mknod - phpMan

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File:,  Node: mknod invocation,  Next: readlink invocation,  Prev: mkfifo invocation,  Up: Special file types

12.5 'mknod': Make block or character special files

'mknod' creates a FIFO, character special file, or block special file
with the specified name.  Synopsis:


   Unlike the phrase "special file type" above, the term "special file"
has a technical meaning on Unix: something that can generate or receive
data.  Usually this corresponds to a physical piece of hardware, e.g., a
printer or a disk.  (These files are typically created at
system-configuration time.)  The 'mknod' command is what creates files
of this type.  Such devices can be read either a character at a time or
a "block" (many characters) at a time, hence we say there are "block
special" files and "character special" files.

   Due to shell aliases and built-in 'mknod' functions, using an
unadorned 'mknod' interactively or in a script may get you different
functionality than that described here.  Invoke it via 'env' (i.e., 'env
mknod ...') to avoid interference from the shell.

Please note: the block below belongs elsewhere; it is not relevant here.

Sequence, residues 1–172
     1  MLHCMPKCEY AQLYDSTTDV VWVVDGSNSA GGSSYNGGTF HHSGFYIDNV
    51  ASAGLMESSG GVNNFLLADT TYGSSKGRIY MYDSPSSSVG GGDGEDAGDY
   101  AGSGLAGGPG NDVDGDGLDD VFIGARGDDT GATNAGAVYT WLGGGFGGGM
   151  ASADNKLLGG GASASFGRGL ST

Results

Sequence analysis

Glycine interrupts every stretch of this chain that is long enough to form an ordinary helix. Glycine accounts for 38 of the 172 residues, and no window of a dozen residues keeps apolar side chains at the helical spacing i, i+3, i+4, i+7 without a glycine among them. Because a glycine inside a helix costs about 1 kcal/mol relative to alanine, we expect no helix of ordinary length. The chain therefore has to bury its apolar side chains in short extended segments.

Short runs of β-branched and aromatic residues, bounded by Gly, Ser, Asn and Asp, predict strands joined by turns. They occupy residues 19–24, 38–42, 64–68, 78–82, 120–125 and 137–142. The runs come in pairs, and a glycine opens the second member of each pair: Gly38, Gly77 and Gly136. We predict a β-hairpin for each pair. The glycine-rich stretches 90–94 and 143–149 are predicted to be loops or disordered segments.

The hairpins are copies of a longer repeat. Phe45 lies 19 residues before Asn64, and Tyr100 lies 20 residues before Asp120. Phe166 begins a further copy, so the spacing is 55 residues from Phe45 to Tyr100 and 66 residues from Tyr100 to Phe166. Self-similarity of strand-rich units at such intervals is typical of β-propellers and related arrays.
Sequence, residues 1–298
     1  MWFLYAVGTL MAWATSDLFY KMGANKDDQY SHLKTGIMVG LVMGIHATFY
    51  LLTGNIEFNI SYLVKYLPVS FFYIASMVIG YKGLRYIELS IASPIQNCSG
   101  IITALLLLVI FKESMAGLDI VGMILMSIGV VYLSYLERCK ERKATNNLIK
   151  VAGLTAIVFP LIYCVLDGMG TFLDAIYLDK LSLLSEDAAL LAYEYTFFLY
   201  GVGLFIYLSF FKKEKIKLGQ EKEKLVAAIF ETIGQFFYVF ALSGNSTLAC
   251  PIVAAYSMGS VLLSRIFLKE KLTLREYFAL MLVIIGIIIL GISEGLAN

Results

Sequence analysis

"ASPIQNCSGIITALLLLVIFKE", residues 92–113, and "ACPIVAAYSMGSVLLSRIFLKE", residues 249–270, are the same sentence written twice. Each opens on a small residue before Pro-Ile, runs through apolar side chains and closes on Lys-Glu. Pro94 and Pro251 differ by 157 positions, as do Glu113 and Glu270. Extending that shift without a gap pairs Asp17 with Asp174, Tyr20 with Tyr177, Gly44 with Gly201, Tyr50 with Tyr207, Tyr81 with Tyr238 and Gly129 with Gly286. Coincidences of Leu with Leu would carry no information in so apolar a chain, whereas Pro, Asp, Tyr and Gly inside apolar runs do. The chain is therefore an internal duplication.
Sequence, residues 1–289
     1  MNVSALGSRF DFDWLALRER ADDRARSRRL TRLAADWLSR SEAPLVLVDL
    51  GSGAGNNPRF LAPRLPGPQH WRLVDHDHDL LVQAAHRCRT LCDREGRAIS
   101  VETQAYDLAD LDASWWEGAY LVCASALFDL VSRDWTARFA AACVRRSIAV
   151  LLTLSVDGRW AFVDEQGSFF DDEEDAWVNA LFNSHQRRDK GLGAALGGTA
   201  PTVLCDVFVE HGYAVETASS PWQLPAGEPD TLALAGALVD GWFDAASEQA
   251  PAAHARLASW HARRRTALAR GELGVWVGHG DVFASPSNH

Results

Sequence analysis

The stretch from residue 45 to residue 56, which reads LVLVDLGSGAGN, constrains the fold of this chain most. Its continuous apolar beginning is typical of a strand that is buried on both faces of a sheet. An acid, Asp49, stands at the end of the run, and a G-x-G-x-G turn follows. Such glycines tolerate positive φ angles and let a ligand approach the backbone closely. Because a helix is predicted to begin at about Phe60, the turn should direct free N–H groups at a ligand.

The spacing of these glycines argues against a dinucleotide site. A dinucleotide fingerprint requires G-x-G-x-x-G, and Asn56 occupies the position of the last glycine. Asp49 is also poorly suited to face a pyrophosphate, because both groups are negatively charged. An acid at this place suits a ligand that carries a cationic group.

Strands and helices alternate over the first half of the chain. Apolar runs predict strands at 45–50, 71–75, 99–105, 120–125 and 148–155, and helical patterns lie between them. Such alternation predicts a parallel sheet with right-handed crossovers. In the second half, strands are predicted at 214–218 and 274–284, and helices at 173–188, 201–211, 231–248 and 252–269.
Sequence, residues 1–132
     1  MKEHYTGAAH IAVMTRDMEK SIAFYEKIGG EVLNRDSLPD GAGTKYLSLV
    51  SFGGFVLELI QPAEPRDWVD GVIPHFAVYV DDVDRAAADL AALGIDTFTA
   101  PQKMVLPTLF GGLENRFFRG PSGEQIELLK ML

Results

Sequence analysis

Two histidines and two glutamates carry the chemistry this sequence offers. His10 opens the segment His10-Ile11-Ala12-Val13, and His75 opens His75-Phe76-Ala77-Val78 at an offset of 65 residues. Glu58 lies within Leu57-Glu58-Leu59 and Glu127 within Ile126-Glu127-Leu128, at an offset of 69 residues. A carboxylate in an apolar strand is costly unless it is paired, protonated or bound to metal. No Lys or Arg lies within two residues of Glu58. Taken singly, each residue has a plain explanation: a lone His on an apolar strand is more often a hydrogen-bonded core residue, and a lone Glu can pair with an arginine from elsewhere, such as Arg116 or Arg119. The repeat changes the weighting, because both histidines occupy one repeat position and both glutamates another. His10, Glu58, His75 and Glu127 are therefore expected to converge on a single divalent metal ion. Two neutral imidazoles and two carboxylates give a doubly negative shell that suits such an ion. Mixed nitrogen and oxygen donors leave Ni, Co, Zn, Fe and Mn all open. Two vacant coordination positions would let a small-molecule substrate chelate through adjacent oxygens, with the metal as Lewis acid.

The arguments after NAME specify the type of file to make:

     for a FIFO

     for a block special file

     for a character special file

   When making a block or character special file, the major and minor
device numbers must be given after the file type.  If a major or minor
device number begins with '0x' or '0X', it is interpreted as
hexadecimal; otherwise, if it begins with '0', as octal; otherwise, as

   The program accepts the following options.  Also see *note Common

'-m MODE'
     Set the mode of created files to MODE, which is symbolic as in
     'chmod' and uses 'a=rw' as the point of departure.  MODE should
     specify only file permission bits.  *Note File permissions::.

     Without a specified CONTEXT, adjust the SELinux security context
     according to the system default type for destination files,
     similarly to the 'restorecon' command.  The long form of this
     option with a specific context specified, will set the context for
     newly created files only.  With a specified context, if both
     SELinux and SMACK are disabled, a warning is issued.

   An exit status of zero indicates success, and a nonzero value
indicates failure.

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